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TomoHawk

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TomoHawk last won the day on March 13 2016

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About TomoHawk

  • Rank
    1978 280Z (stock)

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  • Gender
    Male
  • Map Location
    NorthCoast, Ohio
  • Occupation
    scientist/chemist/computer prog/ I.T. Instructor

My Z Cars

  • Interests
    Classic rock Music, Yacht Racing, sports cars, cycling, and GOD
  • About My Cars
    Mostly stock and original.<br />
    <br />
    1972 Ford Escort RS 2000 (sold to collector)<br />
    1976 Mustang II fastback ( V-6, gave to cousin)

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  1. TomoHawk

    AFR-Volts Chart

    Yes, I'll be using a Narrow-band Oxygen sensor.
  2. TomoHawk

    AFR-Volts Chart

    The so-called wide-band sensors aren't compatible with Arduino electronics. If you buy one and send it to me, I might consider using it.
  3. TomoHawk

    AFR-Volts Chart

    I'm not interested in buying electronic instrumentation from Haltech.
  4. TomoHawk

    AFR-Volts Chart

    What are Wide Bands? Painted bands? Rubber bands?
  5. TomoHawk

    AFR-Volts Chart

    Thanks, but that guy's data doesn't make sense, and he says it's not correct, especially for lambda=1. He gives 0.33V for lambda=1.0 but it should be about .45V . Then says he used a wide-band controller to get measurements from a narrow-band sensor? He also needs to change the way he explains the theory of the sensor, as he says the fuel "pulls oxygen through" for both rich and lean conditions. That's why I passed this page the first time I viewed it.
  6. TomoHawk

    AFR-Volts Chart

    I would like to build an AFR meter using an Arduino board, and I would like to know if anyone has a detailed chart of voltage v AFR for a narrow-band oxygen sensor. Yes, I searched for a long while, but you guys usually have useful engine data. There are lots of chart images, but they all look like a curvey Z, so obviously, there isn't enough detail to pick out coordinates to plot in a spreadsheet. If I had a chart or table with enough detail, I could generate a formula or a lookup table. The former would be better. It's just too bad the LCD displays are monochrome, because colour would be easier to interpret while driving, I suppose I could add some colored or RGB LEDs. thxZ
  7. TomoHawk

    un sticking fuel injectors

    This sounds like a good Arduino project. The thing would pulse the injectors using 12V and a MOSFET. You could add a momentary pushbutton to start a single cycle, or a toggle switch to start continuous pulsing. Otherwise, I'd probably put some leaner through the injectors with light pressure or gravity-feed. if you set up a glass reservoir and recycle the cleaner, you could see when they are un-stuck or spraying well, then have your work pay-for itself by cleaning injectors for others. 🙂 FYI- I've been told by a few "technicians" that you can't clean injectors- you must replace them. 😠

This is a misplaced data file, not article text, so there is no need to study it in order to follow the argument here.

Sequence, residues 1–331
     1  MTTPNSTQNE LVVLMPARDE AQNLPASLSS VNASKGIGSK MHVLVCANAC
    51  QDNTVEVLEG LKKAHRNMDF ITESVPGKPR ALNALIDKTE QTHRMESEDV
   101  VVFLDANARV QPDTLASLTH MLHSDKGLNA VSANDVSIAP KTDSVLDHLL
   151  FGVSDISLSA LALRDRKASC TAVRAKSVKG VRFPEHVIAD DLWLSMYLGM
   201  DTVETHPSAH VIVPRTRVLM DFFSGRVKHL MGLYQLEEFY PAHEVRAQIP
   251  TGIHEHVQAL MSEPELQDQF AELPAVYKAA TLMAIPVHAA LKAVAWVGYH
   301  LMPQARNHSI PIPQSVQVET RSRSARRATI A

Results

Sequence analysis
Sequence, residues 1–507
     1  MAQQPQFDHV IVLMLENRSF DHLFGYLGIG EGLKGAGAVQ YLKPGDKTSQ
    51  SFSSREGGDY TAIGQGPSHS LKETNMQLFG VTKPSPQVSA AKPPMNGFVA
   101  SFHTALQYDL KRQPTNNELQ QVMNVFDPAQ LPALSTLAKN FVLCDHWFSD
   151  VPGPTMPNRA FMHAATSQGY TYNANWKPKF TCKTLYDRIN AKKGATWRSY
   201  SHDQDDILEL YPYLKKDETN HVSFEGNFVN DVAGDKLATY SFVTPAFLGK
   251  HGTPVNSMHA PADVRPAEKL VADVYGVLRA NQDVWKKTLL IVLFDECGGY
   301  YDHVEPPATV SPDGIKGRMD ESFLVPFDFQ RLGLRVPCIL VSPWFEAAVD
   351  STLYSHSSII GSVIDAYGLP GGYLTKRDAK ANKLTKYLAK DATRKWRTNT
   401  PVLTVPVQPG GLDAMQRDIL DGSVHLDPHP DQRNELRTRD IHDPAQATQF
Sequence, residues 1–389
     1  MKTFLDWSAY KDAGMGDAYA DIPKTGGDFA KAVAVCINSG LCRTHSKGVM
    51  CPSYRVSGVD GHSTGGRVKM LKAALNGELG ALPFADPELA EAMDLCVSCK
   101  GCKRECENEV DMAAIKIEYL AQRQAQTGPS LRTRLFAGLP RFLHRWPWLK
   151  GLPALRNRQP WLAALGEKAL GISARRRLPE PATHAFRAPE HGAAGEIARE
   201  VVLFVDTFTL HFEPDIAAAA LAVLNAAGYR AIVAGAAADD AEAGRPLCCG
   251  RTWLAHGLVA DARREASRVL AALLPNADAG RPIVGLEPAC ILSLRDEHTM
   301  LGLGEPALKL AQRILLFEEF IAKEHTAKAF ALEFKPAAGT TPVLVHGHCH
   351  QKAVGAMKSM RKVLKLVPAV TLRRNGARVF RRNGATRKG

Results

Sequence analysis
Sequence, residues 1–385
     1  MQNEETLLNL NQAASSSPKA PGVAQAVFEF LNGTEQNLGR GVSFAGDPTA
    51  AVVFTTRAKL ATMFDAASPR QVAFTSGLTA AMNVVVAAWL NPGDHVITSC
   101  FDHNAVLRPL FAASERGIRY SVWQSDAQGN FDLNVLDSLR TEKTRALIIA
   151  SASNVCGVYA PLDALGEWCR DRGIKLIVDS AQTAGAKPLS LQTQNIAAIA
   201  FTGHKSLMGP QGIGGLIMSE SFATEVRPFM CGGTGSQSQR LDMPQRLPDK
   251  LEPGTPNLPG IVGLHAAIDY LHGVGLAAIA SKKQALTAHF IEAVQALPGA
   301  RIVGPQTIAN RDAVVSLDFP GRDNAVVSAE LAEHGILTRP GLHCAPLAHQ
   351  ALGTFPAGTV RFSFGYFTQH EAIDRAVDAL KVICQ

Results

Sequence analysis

8. You need to add 10 to whatever number people are usually using, because Mr. K came up with the idea for the Zed in 1959! Or you need to be specific to reference the anniversary of the first American sale.
  9. The important thing for installing a flex fan would be to know the correct length of the spacer and the correct diameter. Auto parts stores are NO help; they ( their computerized parts systems) only have parts (original or compatible OE replacements) for new cars, not "old" cars, and they don't recommend putting compatible parts on cars, even if you know it will work. I couldn't get an ignition coil condensor for a 1969 Camaro or 1967 Mustang. I was told to contact the manufacturer or visit the car dealer. Can you balance the space or the fan?
  10. TomoHawk

    Legitimacy of AFR gauges

    Measuring the coolant temperature is easily done with a temperature sensor like a thermocouple or the LM35 temperature sensor. The Lm35 gives a signal in millivolts proportional to the temperature in degrees C, and you can make an offset circuit for it as well, because 0C related to 0.5Volts, or display it directly using an Arduino program. Is there a practical electronic sensor for intake manifold vacuum. That's also important for having the engine work efficiently.
  11. TomoHawk

    Legitimacy of AFR gauges

    Because using an oxygen sensor as the sole sensor for the Air-fuel ratio is like measuring tyre pressure using the temperature of the rubber tyre.
  12. TomoHawk

    Legitimacy of AFR gauges

    You are right, about the use of the multi-sensor setup, and how it's all used to get an "average" or overall fuel mix that works reasonably well, and it agrees with my opinion that just the one sensor can't do the whole job. It makes you wonder why so people put their whole confidence in just the one sensor, how there's a whole aftermarket industry that makes a LOT of profit on it.
  13. TomoHawk

    Legitimacy of AFR gauges

    They also have more than just the one oxygen sensor, in a few places, and modern electronic or digital engine controllers that make up for sensor degradation and other compromises. I see no reason why you can rely on only one oxygen sensor. to get an overall and precise air-fuel mixture determination.
  14. TomoHawk

    Legitimacy of AFR gauges

    That theory is well known, but presumes you have an engine that is working 100% perfectly and you have a 100% perfect combustion.
  15. TomoHawk

    Legitimacy of AFR gauges

    Well, since you are infinitely knowledgeable in gas analysis, explain, exactly, how you convert an oxygen signal from a narrow-band sensor to an air-fuel ratio.
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